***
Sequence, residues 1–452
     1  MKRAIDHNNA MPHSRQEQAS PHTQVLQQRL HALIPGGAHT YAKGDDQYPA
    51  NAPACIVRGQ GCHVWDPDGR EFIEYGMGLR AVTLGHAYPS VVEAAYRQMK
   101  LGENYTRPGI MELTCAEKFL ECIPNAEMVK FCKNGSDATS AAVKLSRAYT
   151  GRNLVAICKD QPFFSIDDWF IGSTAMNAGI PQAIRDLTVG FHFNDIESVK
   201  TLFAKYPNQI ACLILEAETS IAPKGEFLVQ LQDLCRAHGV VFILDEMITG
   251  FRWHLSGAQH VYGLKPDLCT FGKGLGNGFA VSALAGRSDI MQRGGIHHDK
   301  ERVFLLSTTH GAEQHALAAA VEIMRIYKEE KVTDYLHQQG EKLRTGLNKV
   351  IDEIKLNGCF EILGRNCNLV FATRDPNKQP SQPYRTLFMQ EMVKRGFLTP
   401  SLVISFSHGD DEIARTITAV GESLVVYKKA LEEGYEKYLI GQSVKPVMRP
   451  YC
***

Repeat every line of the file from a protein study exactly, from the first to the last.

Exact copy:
Sequence, residues 1–452
     1  MKRAIDHNNA MPHSRQEQAS PHTQVLQQRL HALIPGGAHT YAKGDDQYPA
    51  NAPACIVRGQ GCHVWDPDGR EFIEYGMGLR AVTLGHAYPS VVEAAYRQMK
   101  LGENYTRPGI MELTCAEKFL ECIPNAEMVK FCKNGSDATS AAVKLSRAYT
   151  GRNLVAICKD QPFFSIDDWF IGSTAMNAGI PQAIRDLTVG FHFNDIESVK
   201  TLFAKYPNQI ACLILEAETS IAPKGEFLVQ LQDLCRAHGV VFILDEMITG
   251  FRWHLSGAQH VYGLKPDLCT FGKGLGNGFA VSALAGRSDI MQRGGIHHDK
   301  ERVFLLSTTH GAEQHALAAA VEIMRIYKEE KVTDYLHQQG EKLRTGLNKV
   351  IDEIKLNGCF EILGRNCNLV FATRDPNKQP SQPYRTLFMQ EMVKRGFLTP
   401  SLVISFSHGD DEIARTITAV GESLVVYKKA LEEGYEKYLI GQSVKPVMRP
   451  YC